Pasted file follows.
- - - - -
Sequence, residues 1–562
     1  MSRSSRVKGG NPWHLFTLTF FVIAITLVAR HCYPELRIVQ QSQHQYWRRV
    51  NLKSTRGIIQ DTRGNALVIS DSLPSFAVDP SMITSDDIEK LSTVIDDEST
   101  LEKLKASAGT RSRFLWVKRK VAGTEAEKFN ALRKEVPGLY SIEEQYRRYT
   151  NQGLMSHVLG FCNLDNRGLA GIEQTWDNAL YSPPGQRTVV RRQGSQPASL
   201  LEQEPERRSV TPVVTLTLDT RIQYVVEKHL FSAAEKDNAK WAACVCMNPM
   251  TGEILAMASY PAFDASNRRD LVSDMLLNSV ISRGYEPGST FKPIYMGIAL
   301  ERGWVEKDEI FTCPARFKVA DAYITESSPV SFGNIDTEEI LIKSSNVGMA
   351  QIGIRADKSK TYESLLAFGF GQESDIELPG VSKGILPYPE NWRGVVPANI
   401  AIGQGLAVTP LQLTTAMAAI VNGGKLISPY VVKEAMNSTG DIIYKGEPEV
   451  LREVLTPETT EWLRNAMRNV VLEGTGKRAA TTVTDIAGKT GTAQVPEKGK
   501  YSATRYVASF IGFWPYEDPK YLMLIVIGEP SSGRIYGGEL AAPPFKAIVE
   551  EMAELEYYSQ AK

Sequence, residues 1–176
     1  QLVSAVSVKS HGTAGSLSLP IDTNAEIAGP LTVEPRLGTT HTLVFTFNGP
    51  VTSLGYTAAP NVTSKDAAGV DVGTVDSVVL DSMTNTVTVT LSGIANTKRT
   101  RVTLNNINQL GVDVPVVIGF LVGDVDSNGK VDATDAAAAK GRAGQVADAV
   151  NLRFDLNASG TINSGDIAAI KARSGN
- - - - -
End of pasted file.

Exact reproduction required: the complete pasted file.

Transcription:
Sequence, residues 1–562
     1  MSRSSRVKGG NPWHLFTLTF FVIAITLVAR HCYPELRIVQ QSQHQYWRRV
    51  NLKSTRGIIQ DTRGNALVIS DSLPSFAVDP SMITSDDIEK LSTVIDDEST
   101  LEKLKASAGT RSRFLWVKRK VAGTEAEKFN ALRKEVPGLY SIEEQYRRYT
   151  NQGLMSHVLG FCNLDNRGLA GIEQTWDNAL YSPPGQRTVV RRQGSQPASL
   201  LEQEPERRSV TPVVTLTLDT RIQYVVEKHL FSAAEKDNAK WAACVCMNPM
   251  TGEILAMASY PAFDASNRRD LVSDMLLNSV ISRGYEPGST FKPIYMGIAL
   301  ERGWVEKDEI FTCPARFKVA DAYITESSPV SFGNIDTEEI LIKSSNVGMA
   351  QIGIRADKSK TYESLLAFGF GQESDIELPG VSKGILPYPE NWRGVVPANI
   401  AIGQGLAVTP LQLTTAMAAI VNGGKLISPY VVKEAMNSTG DIIYKGEPEV
   451  LREVLTPETT EWLRNAMRNV VLEGTGKRAA TTVTDIAGKT GTAQVPEKGK
   501  YSATRYVASF IGFWPYEDPK YLMLIVIGEP SSGRIYGGEL AAPPFKAIVE
   551  EMAELEYYSQ AK

Sequence, residues 1–176
     1  QLVSAVSVKS HGTAGSLSLP IDTNAEIAGP LTVEPRLGTT HTLVFTFNGP
    51  VTSLGYTAAP NVTSKDAAGV DVGTVDSVVL DSMTNTVTVT LSGIANTKRT
   101  RVTLNNINQL GVDVPVVIGF LVGDVDSNGK VDATDAAAAK GRAGQVADAV
   151  NLRFDLNASG TINSGDIAAI KARSGN